It’s chucking it down outside, your gear is wet from yesterday’s run, the wind mistook you for a kite on the way to work and yes, you just sneezed again! Best not go on that lunchtime run then? Unfortunately research shows that perhaps you should.

Claims that running can flush out a cold could have some truth as exercise releases adrenaline, also called epinephrine, a natural decongestant that may explain why running can help clear nasal and throat passages.

On top of this studies have shown that, when suffering from a cold, running shouldn’t affect the overall recovery time and is unlikely to hinder your performance dramatically. Tom Weidner, Ph.D., Director of Athletic Training Research at Ball State University performed one such study, where he took 60 runners and inoculated them all with the common cold. One group ran for 30 to 40 minutes every day while the other did no running at all and there was no difference in the length or the severity of the colds. In a second study he also found that having a cold didn’t affect performance. Therefore, if it doesn’t affect your cold yet can help your training, it seems running can still be beneficial with a light cold.

 It can also be an effective precautionary measure. The American Council on Exercise report that new runners have fewer colds than before they started running, due to the increase of macrophage cells (important cells in the immune system that recognise, engulf and destroy targeted cells). However, it has been noted that those who exercise excessively can weaken their immune system due to the large amount of energy required and stress on the body.

Running is also one of the best sports for keeping you energized throughout the dark winter days. This is due to the elevated levels of endorphins that it produces during and after the workout to a degree that “no other sport, including swimming and cycling” can do, according to Dr. Plancher MD, head of Plancher Orthopaedics and Sports Medicine, PLLC. Increased energy levels and endorphins are known to help combat a range of ailments including colds and seasonal affective disease, so-called SAD, which is particularly common at this time of year.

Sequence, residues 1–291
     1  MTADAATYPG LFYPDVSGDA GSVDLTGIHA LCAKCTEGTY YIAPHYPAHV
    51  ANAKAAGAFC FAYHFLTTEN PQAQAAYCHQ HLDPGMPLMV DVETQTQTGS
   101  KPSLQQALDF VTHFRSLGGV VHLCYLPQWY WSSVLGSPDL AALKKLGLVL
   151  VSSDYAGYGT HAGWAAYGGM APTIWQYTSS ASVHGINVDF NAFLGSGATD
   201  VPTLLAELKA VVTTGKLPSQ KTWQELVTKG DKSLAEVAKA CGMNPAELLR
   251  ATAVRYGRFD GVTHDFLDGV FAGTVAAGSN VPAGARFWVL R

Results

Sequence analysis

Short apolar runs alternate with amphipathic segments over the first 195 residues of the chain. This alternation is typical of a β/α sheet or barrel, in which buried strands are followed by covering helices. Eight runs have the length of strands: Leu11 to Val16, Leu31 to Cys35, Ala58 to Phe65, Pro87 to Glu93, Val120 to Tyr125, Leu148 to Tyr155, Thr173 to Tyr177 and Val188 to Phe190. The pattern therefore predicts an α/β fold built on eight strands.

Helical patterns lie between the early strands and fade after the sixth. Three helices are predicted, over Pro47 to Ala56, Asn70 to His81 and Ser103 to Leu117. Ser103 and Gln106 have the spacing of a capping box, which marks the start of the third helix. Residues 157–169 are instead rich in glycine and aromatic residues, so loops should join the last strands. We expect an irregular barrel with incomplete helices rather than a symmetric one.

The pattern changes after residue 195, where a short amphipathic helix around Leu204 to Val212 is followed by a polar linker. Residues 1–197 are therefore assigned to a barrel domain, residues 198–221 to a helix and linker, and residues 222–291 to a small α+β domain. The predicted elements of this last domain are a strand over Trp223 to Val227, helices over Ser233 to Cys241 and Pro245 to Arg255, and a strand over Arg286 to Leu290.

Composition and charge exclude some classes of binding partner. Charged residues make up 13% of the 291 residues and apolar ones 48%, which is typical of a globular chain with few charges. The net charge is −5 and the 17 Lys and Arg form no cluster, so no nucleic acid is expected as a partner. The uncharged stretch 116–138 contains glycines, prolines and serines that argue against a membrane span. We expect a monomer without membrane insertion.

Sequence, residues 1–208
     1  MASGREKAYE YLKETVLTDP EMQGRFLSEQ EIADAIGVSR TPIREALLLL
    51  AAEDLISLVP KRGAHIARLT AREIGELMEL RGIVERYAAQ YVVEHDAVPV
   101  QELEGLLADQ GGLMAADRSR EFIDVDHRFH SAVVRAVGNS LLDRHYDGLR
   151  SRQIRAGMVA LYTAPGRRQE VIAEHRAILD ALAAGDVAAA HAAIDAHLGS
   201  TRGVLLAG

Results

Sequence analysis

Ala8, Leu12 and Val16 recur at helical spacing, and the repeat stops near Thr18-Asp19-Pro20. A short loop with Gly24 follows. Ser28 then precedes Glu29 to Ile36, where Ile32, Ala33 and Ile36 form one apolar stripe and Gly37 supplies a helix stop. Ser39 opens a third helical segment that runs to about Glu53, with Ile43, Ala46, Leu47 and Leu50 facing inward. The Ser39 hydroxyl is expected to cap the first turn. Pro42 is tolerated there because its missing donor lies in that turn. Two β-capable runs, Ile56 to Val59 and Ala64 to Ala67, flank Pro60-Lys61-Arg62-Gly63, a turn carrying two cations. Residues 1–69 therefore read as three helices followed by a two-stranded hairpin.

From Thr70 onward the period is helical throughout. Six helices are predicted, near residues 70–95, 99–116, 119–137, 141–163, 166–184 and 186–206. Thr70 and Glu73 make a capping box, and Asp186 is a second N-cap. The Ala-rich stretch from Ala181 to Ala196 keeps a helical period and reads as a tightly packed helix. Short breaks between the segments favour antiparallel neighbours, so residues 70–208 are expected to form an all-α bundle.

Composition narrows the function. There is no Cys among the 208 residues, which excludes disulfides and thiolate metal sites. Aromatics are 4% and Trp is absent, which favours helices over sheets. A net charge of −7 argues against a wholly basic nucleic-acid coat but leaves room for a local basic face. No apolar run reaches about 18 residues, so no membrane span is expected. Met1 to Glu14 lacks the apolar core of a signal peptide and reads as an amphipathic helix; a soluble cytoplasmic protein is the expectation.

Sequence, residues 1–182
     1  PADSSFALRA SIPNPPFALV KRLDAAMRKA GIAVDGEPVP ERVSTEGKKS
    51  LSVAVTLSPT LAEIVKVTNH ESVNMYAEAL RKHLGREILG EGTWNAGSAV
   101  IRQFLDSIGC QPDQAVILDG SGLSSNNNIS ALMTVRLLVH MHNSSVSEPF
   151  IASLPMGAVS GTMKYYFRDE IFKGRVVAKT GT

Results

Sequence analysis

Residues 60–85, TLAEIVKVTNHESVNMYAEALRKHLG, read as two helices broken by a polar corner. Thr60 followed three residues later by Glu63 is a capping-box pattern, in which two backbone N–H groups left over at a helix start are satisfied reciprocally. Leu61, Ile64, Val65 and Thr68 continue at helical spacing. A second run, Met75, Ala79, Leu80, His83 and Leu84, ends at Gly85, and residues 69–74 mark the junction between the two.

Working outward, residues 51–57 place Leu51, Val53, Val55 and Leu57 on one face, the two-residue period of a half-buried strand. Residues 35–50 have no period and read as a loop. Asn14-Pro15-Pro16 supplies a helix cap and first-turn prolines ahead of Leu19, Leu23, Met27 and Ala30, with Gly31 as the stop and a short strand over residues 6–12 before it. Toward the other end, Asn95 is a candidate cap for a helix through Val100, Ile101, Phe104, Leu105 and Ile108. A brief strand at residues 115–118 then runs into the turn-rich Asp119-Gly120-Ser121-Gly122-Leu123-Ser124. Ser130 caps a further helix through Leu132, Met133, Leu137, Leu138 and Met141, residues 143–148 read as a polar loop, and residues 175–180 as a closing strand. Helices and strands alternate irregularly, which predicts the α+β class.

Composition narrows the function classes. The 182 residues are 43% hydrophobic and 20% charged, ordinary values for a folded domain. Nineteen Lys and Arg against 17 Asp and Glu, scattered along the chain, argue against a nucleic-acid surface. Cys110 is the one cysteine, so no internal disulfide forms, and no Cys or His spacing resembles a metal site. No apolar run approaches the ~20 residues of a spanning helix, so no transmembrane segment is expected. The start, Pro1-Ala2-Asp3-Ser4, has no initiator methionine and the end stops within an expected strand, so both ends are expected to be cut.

Plancher’s reference to other sports not being as beneficial to endorphin production is supported by research undertaken by Richmond University’s Department of Health and Sport Sciences that showed weightlifting and other short, intense exercises did not cause blood endorphin levels to rise.

Two sensible pieces of advice I found were the ‘neck check’ and not to run with a fever. The ‘neck check’ basically states not to run if you have any symptoms present below the neck, such as a chesty cough. This is as such symptoms can be exasperated by cold air and increased heart and breathing rates.

Sports medicine expert, Dr Lewis G. Maharam explains, ‘The danger is exercising and raising your body temperature internally if you already have a fever, because that can make you even sicker’. If your temperature is above 38.3C (101F) the advice is to opt out.

Finally, however annoying your constant sneezing can be, just be thankful you are not an iguana. Iguanas sneeze more often and more productively than any other animal on the planet, according to Patti Wood, author of ‘Success Signals: Understanding Body Language’. Sneezing is how they rid their bodies of certain salts that are the normal by-product of their digestive process, so they are stuck with it even when without a cold.

Remember, you don’t catch a cold from getting cold, but instead from viruses and bacteria. They are more common in the winter as everyone is in closer contact, therefore some time outside can help!